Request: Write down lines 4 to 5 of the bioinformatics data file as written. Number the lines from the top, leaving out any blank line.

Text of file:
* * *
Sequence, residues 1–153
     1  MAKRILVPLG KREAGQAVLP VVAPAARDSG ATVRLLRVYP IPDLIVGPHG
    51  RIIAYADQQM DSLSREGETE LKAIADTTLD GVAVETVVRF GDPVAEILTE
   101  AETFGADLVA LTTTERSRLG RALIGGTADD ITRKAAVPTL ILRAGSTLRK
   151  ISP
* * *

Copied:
   101  AETFGADLVA LTTTERSRLG RALIGGTADD ITRKAAVPTL ILRAGSTLRK
   151  ISP